Essential Guide and Checklist — The Doctrine of Fair Use
Introduction — This section of the Meridian Stories website details the Doctrine of Fair Use and what you need to know to make use of it in your creative projects. Start with this Essential Guide and Checklist for the Doctrine of Fair Use, which will give you a summary of all the qualities of a piece of creative work that would be looked at by judges if the piece was challenged under fair use. For further clarification on this complex, but highly relevant topic for digitally literate users, please see the following:
- Appropriate Uses – The Doctrine of Fair Use
- Case Studies – The Doctrine of Fair Use
- Myths and Misunderstandings – The Doctrine of Fair Use
Essential Guide and Checklist – When a person in the United States sets down their own idea or creation in a physical medium (a video, book, song, poem, or scholarly article, for example), their work is protected automatically by copyright law. This means that, to a certain extent, others must get the express permission of the copyright holder before they use or recreate their work for their own purposes. Luckily, however, there is a provision within US copyright law called ‘fair use’ which gives individuals the right to use limited portions of copyright-protected works without the express permission of the copyright holder, provided they credit the owner with a citation. Generally speaking, there are four main aspects of your use of another’s work to consider when trying to determine whether it constitutes a “fair use” under the law. Take a look at the checklist below, and apply it to your use of others copyrighted work.
__ 1) My use of copyrighted material is transformative and non-commercial.
If your use of copyrighted work adds some new meaning to the material, meaning that it did not have in its original form, then that use is “transformative” and is likely to be fair use. Furthermore, if the use of the copyrighted material is non-commercial (you are not trying to profit from its use) then it is more likely to be considered fair use.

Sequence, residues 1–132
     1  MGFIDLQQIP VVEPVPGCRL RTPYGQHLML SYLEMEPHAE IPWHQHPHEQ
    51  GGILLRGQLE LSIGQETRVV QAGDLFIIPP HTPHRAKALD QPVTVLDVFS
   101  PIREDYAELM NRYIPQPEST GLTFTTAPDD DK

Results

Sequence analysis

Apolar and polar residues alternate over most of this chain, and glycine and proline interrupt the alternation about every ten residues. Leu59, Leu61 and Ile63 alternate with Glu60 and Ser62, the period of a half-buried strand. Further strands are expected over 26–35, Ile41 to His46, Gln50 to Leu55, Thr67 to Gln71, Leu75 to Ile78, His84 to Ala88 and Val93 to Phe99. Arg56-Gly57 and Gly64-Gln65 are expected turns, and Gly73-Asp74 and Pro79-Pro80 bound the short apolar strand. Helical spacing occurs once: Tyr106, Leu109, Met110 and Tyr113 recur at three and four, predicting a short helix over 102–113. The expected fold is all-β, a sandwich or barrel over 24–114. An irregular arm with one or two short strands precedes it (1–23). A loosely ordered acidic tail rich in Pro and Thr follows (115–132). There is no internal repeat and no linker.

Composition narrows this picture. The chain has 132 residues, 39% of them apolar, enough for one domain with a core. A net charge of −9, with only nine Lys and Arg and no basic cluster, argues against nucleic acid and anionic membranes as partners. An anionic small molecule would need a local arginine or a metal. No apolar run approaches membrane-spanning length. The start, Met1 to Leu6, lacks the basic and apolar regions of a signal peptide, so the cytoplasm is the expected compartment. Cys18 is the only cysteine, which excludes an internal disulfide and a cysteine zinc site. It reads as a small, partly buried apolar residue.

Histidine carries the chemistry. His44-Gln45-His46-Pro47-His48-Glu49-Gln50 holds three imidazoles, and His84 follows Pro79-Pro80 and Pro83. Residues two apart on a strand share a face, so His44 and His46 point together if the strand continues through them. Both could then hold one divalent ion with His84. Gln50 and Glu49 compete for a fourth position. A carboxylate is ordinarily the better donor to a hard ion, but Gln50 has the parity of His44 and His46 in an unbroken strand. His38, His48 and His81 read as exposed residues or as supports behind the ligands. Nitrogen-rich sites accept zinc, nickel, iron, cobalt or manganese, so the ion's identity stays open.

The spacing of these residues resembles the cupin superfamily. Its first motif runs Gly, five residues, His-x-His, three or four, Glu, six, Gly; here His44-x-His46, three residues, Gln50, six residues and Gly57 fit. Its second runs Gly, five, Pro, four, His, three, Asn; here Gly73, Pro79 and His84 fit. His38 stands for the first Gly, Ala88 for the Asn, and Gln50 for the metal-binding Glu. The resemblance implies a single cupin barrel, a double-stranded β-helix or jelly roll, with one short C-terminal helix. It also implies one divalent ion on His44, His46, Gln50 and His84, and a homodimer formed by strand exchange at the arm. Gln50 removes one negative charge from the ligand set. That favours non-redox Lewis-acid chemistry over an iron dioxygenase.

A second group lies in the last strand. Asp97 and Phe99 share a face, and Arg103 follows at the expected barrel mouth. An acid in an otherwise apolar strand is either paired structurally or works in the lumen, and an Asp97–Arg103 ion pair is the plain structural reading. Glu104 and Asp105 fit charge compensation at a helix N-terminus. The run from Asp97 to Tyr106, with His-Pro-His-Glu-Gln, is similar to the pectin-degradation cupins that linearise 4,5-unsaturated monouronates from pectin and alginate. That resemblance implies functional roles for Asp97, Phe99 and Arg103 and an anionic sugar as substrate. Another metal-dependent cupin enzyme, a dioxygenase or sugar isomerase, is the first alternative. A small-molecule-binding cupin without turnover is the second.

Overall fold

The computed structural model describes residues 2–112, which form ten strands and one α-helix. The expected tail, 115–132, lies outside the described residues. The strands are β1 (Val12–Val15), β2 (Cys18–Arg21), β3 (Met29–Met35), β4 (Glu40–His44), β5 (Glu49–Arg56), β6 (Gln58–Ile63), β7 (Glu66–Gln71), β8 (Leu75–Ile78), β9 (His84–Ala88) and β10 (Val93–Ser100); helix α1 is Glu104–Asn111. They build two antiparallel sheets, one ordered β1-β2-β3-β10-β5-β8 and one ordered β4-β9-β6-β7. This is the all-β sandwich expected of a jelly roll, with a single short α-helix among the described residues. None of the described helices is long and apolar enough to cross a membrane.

__ 2) The copyrighted work I am borrowing is primarily factual.
Using material from a work that is primarily factual in nature (i.e., a scholarly article, research paper, or news article) is more likely to be declared fair use than the use of material from a work of creative fiction (i.e., a poem or a short story).
__ 3) I have only borrowed a small portion of a copyrighted work and this portion is not the most significant part of the work.
The use of copyrighted material is more likely to be called ‘fair’ if the portion used is small relative to the size of the work. However, using the most significant part of a work (e.g., the chorus from “Let It Be” by the Beatles) is likely to lead the use to be declared NOT fair.
__ 4) My use of copyrighted material does not harm the potential market for or value of the original work.
If your use of copyrighted material harms the potential monetary value of the original material (i.e., by revealing it early or otherwise allowing people to satisfy their desire for the work without actually purchasing the original), then it is likely NOT fair.
If you checked all of the above boxes that apply to your use of copyrighted material, it is most likely fair. However, it is important to note that, because each dispute over fair use is examined individually in court, none of these factors alone is enough to guarantee fair use. No matter what, please be sure to see our page on citation – even if use is fair, you are still ethically required to give credit to the creator of a copyrighted work through proper citation.